SkyHouse apartment tower in Raleigh sells for record $103M

Raleigh Skyhouse apartment residents swim in rooftop pool during winter storm

Skyhouse residents have an "adult snow day" in the rooftop heated pool 23 stories above downtown Raleigh's icy streets Friday, January 22, 2016 in Raleigh, N.C.
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Skyhouse residents have an "adult snow day" in the rooftop heated pool 23 stories above downtown Raleigh's icy streets Friday, January 22, 2016 in Raleigh, N.C.

A New York developer has acquired SkyHouse, the 23-story luxury apartment tower that opened in downtown last year, for a record $103 million, according to Wake County property records.

World Wide Group acquired the property from the development group behind the project, which includes Novare Group, Batson-Cook Development Company and local developer Gregg Sandreuter of Beacon Partners.

The price shatters the previous record for the most ever paid for a Triangle apartment complex on a per-unit basis. WWG paid nearly $322,000 per unit for the 320-unit SkyHouse tower.

This is the first time a Triangle apartment community has sold for more than $300,000 a unit. The previous record was the $272,000 a unit that Berkshire Property Group paid for its Berkshire Cameron Village community.

The lofty price WWG paid shows that investors continue to view the Triangle apartment market as among the best in the country. Investors have shown a particular eagerness to pay top dollar for properties in urban areas where renters are willing to pay a premium to live.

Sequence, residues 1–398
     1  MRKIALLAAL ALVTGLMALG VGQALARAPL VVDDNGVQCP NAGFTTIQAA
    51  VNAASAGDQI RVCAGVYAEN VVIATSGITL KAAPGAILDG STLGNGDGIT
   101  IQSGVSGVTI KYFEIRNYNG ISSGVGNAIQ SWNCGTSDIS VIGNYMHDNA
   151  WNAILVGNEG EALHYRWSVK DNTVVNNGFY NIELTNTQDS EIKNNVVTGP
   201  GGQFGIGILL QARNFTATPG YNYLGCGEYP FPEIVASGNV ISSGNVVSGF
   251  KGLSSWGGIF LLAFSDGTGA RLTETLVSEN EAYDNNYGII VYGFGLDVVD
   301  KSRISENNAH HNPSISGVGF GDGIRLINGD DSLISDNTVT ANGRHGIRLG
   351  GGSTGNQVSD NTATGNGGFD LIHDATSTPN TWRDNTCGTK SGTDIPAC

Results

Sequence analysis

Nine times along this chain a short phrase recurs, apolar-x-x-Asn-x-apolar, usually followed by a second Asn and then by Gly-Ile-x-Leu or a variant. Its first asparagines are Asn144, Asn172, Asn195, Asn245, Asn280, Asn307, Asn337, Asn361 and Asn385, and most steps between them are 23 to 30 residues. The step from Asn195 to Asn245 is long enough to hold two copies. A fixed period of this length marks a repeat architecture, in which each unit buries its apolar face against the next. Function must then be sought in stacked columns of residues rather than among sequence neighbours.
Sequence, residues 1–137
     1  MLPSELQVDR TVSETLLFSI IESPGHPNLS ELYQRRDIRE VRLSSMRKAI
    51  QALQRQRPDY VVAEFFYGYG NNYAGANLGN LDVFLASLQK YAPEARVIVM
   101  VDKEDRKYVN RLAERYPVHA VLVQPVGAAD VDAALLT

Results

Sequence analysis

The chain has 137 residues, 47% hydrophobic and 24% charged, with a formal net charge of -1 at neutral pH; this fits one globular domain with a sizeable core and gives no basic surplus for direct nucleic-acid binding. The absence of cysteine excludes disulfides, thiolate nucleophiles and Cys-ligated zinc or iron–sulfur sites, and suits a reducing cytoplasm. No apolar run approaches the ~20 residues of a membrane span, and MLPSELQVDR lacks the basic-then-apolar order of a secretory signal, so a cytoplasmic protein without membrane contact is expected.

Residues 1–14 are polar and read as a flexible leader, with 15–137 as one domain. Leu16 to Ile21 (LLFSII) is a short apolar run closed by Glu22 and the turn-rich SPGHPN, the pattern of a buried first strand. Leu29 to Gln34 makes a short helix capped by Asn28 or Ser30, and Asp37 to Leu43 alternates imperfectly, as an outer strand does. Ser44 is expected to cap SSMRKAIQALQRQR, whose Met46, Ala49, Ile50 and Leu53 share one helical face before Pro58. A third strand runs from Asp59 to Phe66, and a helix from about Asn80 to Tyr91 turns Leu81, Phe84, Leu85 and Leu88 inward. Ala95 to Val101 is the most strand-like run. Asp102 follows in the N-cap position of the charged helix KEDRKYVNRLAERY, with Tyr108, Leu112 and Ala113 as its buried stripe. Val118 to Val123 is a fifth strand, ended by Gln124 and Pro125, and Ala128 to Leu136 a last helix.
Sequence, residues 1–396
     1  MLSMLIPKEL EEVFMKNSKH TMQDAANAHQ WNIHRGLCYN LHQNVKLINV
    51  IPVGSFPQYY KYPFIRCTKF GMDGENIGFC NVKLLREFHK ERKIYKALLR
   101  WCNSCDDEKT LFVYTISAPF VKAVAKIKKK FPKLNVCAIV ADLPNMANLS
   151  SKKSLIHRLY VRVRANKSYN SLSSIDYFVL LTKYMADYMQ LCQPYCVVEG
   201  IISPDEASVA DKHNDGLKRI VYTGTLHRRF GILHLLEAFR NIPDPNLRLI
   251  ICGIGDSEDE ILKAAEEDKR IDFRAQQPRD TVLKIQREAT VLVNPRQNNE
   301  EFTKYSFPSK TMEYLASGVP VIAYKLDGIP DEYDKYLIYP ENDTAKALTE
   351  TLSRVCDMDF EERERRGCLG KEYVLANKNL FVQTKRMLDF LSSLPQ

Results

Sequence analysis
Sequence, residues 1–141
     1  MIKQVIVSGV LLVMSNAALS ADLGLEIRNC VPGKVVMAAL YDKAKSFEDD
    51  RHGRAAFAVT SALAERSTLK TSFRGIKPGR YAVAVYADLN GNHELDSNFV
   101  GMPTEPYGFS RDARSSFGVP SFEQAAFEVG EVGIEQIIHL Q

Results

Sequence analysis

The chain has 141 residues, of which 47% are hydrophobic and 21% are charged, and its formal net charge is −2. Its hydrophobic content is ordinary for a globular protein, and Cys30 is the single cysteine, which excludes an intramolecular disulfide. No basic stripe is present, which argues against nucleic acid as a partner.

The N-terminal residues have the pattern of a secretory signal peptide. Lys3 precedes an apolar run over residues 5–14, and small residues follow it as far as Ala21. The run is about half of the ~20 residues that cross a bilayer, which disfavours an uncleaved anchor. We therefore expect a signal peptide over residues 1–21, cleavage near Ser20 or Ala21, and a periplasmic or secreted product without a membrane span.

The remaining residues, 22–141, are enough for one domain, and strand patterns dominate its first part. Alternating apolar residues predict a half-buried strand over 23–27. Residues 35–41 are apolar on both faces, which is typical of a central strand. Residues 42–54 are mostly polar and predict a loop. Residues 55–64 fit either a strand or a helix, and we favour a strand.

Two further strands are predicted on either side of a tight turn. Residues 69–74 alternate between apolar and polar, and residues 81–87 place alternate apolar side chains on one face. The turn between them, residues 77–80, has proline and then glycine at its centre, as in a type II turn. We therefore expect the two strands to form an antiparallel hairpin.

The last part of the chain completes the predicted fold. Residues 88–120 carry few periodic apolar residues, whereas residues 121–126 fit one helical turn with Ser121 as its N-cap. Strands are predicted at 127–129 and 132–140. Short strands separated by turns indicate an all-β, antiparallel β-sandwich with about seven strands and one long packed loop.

The price is all the more impressive when you consider SkyHouse, which opened in April, is still leasing up. More than 80 percent of its units are now rented, according to the Downtown Raleigh Alliance.

“World Wide Group takes a long-term view to all of our real estate investments and we see a tremendous growth opportunity in Raleigh’s luxury marketplace,” David Lowenfeld, WWG’s chief operating officer, said in a statement.

WWG has developed more than $7 billion of real estate in New York City. The company’s investment in Raleigh is the latest example of how the Triangle is attracting large institutional investors who typically target properties in major gateway cities such as New York, Chicago and Los Angeles.

Restrictions in the deed hint that WWG may at some point look to convert SkyHouse from rental units to for-sale condominiums.

According to the deed, WWG is restricted from converting SkyHouse to for-sale condos until Nov. 11, 2021 without the prior written consent of the seller. The developer can, however, market the units as condos during the restrictive period and enter into contracts with prospective buyers.

If WWG desires to engage in efforts to convert the property before 2021 but after Nov. 11, 2018, the developer must pay the seller $1.4 million, according to the deed.

SkyHouse, which features a fitness center and a pool on the top floor that is 230 feet above street level, is the tallest all-residential building in the Triangle. It also includes 5,400 square feet of retail.

Novare has built a number of SkyHouse-branded high-rises in other cities, including in Charlotte, Austin, Texas, Orlando, Fla., Houston, Dallas and Atlanta.

David Bracken: 919-829-4548, @brackendavid